By: E&P Staff
In addition to announcing the first U.S. sale of a Geoman press configured for the Berliner format, MAN Roland used the occasion of the annual Nexpo trade show earlier this week to mark two recent sales: another Regioman press and another color-tower expansion project.
The South Florida Sun-Sentinel in Fort Lauderdale will more than double its Goss Colorliner presses’ color capabilities by adding MAN Roland Colorman towers. MAN will replace two units on four of the five presses with two Colorman towers and add a third-high former on each expanded press.
The goal was to be able to offer “increased color opportunities” for advertisers, according to Sun-Sentinel Vice President and Operations Director Bob Christie. The paper’s Deerfield Beach plant also prints various community newspapers.
The Sun-Sentinel is the third Tribune Co. site to upgrade Goss presses with MAN add-on towers (E&P, Feb. 2004; E&P Online, April 29).
When The Advocate, Baton Rouge, La., converts from letterpress to offset, it will print on a four-page-across, one-page-around MAN Roland Regioman press, centerpiece of a $40 million, plant to be built later this year (E&P, Nov. 2004). To be in production in September 2006, the new press will print cleanly, with more color and about four times faster.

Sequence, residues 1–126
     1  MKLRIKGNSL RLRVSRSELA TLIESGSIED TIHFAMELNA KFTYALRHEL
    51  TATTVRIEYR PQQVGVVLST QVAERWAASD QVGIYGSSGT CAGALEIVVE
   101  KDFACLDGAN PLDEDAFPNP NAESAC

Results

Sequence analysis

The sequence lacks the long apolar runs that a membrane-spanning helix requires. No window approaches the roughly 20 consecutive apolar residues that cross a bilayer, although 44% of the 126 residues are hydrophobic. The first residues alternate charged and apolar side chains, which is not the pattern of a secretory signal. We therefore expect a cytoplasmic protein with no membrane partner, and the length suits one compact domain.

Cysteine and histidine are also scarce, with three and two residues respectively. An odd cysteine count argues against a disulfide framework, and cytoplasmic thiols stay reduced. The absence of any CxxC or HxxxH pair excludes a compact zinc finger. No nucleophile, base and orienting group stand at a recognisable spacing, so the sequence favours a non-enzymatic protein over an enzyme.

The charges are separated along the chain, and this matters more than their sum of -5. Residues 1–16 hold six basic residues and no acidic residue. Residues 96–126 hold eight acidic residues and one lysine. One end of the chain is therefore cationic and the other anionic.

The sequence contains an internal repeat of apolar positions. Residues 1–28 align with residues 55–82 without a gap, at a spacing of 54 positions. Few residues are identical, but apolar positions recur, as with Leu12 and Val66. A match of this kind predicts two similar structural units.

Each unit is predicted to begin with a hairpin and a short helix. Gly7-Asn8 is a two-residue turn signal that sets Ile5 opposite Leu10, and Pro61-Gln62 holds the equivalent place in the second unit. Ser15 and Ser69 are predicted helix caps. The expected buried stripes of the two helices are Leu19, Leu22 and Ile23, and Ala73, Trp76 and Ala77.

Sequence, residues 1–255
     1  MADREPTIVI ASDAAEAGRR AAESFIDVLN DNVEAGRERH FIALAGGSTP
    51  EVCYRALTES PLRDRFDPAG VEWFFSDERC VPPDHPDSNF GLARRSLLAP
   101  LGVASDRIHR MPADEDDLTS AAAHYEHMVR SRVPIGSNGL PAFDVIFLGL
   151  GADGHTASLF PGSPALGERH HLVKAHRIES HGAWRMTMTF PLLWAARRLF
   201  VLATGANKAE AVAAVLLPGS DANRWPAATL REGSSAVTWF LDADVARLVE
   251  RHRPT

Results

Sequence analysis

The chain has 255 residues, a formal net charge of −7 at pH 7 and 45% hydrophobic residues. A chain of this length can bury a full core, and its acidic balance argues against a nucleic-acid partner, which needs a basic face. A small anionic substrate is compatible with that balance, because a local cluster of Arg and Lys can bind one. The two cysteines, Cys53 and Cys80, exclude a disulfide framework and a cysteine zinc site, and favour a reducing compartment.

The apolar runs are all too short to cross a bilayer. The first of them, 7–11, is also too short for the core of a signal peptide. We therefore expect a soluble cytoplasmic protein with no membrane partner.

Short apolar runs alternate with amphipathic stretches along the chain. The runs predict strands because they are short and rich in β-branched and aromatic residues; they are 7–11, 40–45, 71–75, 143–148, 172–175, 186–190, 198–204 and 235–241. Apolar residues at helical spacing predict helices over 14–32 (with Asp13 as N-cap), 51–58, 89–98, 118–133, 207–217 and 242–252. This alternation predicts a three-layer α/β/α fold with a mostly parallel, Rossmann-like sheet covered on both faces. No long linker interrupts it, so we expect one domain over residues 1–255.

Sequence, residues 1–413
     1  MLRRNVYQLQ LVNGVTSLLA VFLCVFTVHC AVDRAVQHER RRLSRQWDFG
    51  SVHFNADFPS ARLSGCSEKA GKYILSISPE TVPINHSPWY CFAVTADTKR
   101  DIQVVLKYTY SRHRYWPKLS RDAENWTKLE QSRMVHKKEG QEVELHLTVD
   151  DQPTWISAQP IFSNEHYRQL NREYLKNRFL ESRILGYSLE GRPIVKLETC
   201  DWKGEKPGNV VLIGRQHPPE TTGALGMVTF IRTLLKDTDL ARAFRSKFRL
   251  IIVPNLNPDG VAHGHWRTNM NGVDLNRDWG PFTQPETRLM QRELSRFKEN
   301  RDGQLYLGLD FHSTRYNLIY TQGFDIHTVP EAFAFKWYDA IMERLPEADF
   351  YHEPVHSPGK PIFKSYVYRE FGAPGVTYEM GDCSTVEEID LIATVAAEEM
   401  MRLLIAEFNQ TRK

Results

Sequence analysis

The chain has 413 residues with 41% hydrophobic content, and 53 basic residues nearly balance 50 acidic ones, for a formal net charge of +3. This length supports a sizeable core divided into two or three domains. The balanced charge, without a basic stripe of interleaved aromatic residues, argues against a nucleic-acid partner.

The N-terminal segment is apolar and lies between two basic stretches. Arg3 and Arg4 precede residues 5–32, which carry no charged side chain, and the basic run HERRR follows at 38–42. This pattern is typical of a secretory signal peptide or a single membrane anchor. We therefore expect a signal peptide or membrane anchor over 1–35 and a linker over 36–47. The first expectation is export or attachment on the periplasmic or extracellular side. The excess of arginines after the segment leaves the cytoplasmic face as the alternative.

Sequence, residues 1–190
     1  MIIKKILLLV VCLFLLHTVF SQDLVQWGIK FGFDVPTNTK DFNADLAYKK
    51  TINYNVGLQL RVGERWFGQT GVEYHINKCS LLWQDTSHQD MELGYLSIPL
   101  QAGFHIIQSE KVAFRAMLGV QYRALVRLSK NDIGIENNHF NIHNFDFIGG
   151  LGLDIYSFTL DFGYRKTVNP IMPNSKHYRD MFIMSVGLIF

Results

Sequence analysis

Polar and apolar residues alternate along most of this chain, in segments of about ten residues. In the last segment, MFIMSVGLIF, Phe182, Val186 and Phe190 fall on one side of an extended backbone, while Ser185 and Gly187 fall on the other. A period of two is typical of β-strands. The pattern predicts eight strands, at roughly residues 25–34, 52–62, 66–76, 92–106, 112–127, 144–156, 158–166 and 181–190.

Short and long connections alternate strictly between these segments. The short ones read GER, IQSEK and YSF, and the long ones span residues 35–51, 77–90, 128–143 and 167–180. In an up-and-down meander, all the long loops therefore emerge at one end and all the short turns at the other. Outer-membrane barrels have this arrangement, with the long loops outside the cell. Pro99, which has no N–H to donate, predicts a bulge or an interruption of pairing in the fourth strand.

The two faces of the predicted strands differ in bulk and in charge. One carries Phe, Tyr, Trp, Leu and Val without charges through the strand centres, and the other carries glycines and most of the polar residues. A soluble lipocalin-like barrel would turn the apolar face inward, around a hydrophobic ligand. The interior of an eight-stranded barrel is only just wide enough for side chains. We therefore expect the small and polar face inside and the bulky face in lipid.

In moving from mechanical letterpress to computerized offset, the Advocate wil rely on what MAN called “a beefed-up training regimen.”
The Advocate’s seven-footprint, 48-couple Regioman will have a 21-inch cutoff, a 50-inch web width and be able to deliver a 64-page newspaper. Its eight reel stands will have automatic roll loading capabilities. MAN’s PECOM control and automation system is part of the package.
Operations Director Kirk Fisher said the 4-by-1 cylinder size suits the 87,026-circulation (115,442 Sundays) paper. In this week’s Nexpo announcement of the already-selected press, he said the Advocate “wanted to … achieve great color flexibility and not be bound by the limitations of a collect press. That’s the way the industry is going.”
The new press will double Advocate color capacity to 40 pages, satisfying advertisers and the company’s drive for commercial work. Said Fisher: “Margins are slim, but we’re going to entertain outside business. The biggest opportunity at the commercial end is putting out alternative niche products of our own.” For such products, the Advocate shopped at Nexpo for a stitcher-trimmer.
With new technology, from computer-to-plate workflow to new post-press equipment and distribution centers, “we’re updating every aspect of our workflow to increase our throughput,” said Fisher.
The new press’ speed, said Advocate Publisher and COO Douglas Manship Jr., “will enable us to produce new editions for our readers, as well as new products that will benefit both our readers and our advertisers.” Four regional editions of the Advocate are planned.